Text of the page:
Saturday, May 31, 2014

A few words about "Held in Splendor", an album by Quilt.

You might expect a band bearing the name Quilt to be all soft, cozy and warm. This Quilt is not like that. This Quilt is raspy. It has sharp edges. This year, so far, has been relatively quiet (cf last year) in terms of major new records, and I have been enjoying Quilt's second album, "Held in Splendor", rather a lot, at least in the sense that I have been giving it considerably more airtime than I would have been able to do if it had been a busier time. In other words, I gave it the chance to bite me, and it did.

This gives rise to a question: what is the use of a record like this in 2014? The times that it harks back to were simpler times, certainly less saturated with readily available music, and the records that emerged from those times were instantly embraced and continue to be well regarded, perhaps even loved (perhaps even obsessively).

But these times are not those times, and a record like this, which is easy to listen to, easy to like, and which has oodles of memorable hooks and plenty of good old grunt, is as likely as not to get lost in the fog of the endless cycle of new releases. Which is what seems to have happened with "Held in Splendor": it has been made, with considerable care and love, by talented people who know the eras they evoke and who have taken pains to translate their favourite sounds of those eras into something the ears of today would be comfortable hearing, and yet it seems to be on very few people's radar, only a scant few months after its release, and may well end up appearing on few, if any, end-of-year lists. Its sales may or may not be enough to cover expenses. It is enough to break your heart.

Imagine if you made this record. How happy you would be. You gave it your best shot and came up with something you would be proud to hold up and say "I did this!" But the model is broken. Being good enough is no longer good enough. (Being anything other than a scantily clad pop tart may not be good enough any more. Oh the times we live in.) Of course, it's not always, or only, or ever, about money. Few of Quilt's obvious influences would have been able to dine out on the proceeds of their own record sales, but their records continue to live, breathe, and have influence even today. With so much music out there now, the chance of getting even that kind of traction has largely vanished.

But I sound like a broken record. It is what it is. You might as well tilt at windmills. People will continue to make music; their expectations of reward will be lower than before. Maybe that means people will make music for the right reasons: because they want to. For its own sake.

The record? It picks up the sounds of the late sixties (both the Byrds jangle and the 13th Floor Elevators oomph), and the sounds of the first generation to be influenced by those sounds (the so-called Paisley Underground of the mid-eighties, specifically the Dream Syndicate, Rain Parade, and the shaded overlapping area of that particular Venn diagram, Opal), and filters them through such of the sounds of today (and the recent yesterday) as Woods, Real Estate and, my perennial perceived precursor, Electrelane.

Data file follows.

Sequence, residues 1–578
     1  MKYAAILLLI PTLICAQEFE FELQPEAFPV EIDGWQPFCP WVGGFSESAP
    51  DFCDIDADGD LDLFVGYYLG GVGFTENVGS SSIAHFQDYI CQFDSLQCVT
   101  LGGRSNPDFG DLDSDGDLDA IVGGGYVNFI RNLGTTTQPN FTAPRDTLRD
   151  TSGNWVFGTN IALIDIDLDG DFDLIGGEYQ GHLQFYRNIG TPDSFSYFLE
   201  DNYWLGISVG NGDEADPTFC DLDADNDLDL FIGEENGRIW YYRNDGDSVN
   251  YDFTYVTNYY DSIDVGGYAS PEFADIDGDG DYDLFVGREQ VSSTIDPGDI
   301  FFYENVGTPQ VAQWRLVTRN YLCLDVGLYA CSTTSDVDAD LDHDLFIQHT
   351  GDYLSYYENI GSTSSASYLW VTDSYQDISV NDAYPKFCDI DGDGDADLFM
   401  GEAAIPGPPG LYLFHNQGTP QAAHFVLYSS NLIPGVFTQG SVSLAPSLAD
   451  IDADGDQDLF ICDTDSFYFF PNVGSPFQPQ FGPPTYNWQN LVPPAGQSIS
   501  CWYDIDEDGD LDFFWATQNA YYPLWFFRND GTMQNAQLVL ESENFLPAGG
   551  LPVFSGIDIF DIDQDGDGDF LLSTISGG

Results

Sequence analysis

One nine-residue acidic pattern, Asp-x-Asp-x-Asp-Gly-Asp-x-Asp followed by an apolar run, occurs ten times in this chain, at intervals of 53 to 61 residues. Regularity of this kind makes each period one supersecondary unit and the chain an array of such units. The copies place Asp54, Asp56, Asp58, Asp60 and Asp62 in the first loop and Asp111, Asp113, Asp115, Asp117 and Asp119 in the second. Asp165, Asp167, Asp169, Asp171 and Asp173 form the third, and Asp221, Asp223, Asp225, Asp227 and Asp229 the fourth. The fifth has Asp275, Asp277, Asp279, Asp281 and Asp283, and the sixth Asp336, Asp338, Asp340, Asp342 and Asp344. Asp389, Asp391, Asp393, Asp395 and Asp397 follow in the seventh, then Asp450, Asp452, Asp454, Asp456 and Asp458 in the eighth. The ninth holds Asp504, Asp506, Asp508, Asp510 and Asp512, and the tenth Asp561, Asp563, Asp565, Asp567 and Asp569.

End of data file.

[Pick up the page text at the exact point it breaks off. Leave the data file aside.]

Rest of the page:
The neat trick they pull, perhaps with be above rant in mind, is to run many of the songs into each other, as if to snub their nose at the pick-and-mix attitude towards records of many of us these days; as if to say: here it is, take all of it if you like, or none of it, but don't just pick the eyes out of it. (The risk being that many people, faced with that choice, would opt for "none of it".)

Nevertheless, because this is where we are at, you can find individual songs on the internet. Here are a couple. I hope you like them. I think you would be hard pressed not to.

Friday, May 30, 2014

The Things They Carried

Or, Fifty at fifty.

"Pink Moon", by The Chills.
"Wuthering Heights", by Kate Bush.
"Marquee Moon", by Television.
"1/1", by Brian Eno.
"Music for 18 Musicians", by Steve Reich.
"Trees and Flowers", by Strawberry Switchblade.
"Transmission", by Joy Division.
"Love Will Tear Us Apart", by Joy Division.
"Atmosphere", by Joy Division.
"Twenty Four Hours", by Joy Division.
"Blue Monday", by New Order.
"Party Fears Two", by Associates.
"What Goes On", by Velvet Underground.
"Dream Baby Dream", by Suicide.
"Are 'Friends' Electric?", by Tubeway Army.
"Candy Skin", by Fire Engines.
"Roadrunner", by Jonathan Richman and the Modern Lovers.
"Another Girl, Another Planet", by The Only Ones.
"I Feel Love", by Donna Summer.
"I Feel Space", by Lindstrom.
"Autobahn", by Kraftwerk.
"This Charming Man", by The Smiths.
"Tiny Tears", by Tindersticks.
"Jaffa Boy", by Birds Nest Roys.
"Circumspect Penelope", by Look Blue Go Purple.
"Ghost Town", by The Specials.
"Cruiser's Creek", by The Fall.
"Song to the Siren", by This Mortal Coil.
"Dr Mabuse", by Propaganda.
"Save Me", by Aimee Mann.
"Shivers", by Boys Next Door.
"Cattle and Cain", by The Go-Betweens.
"Sexy Boy", by Air.
"Brimful of Asha", by Cornershop.
"Eternally Yours", by Laughing Clowns.
"Revelator", by Gillian Welch.
"Don't Point That Thing at Me", by The Clean.
"Love's Not Good Enough", by Skyhooks.
"Golden Brown", by The Stranglers.
"Watching the Detectives", by Elvis Costello.
"New Gold Dream (81-82-83-84)", by Simple Minds.
"A Forest", by The Cure.
"Uptown Top Ranking", by Althea and Donna.
"I'm In Love with a German Film Star", by The Passions.
"Back to Nature", by Magazine.
"Ever Fallen in Love", by Buzzcocks.
"O Superman", by Laurie Anderson.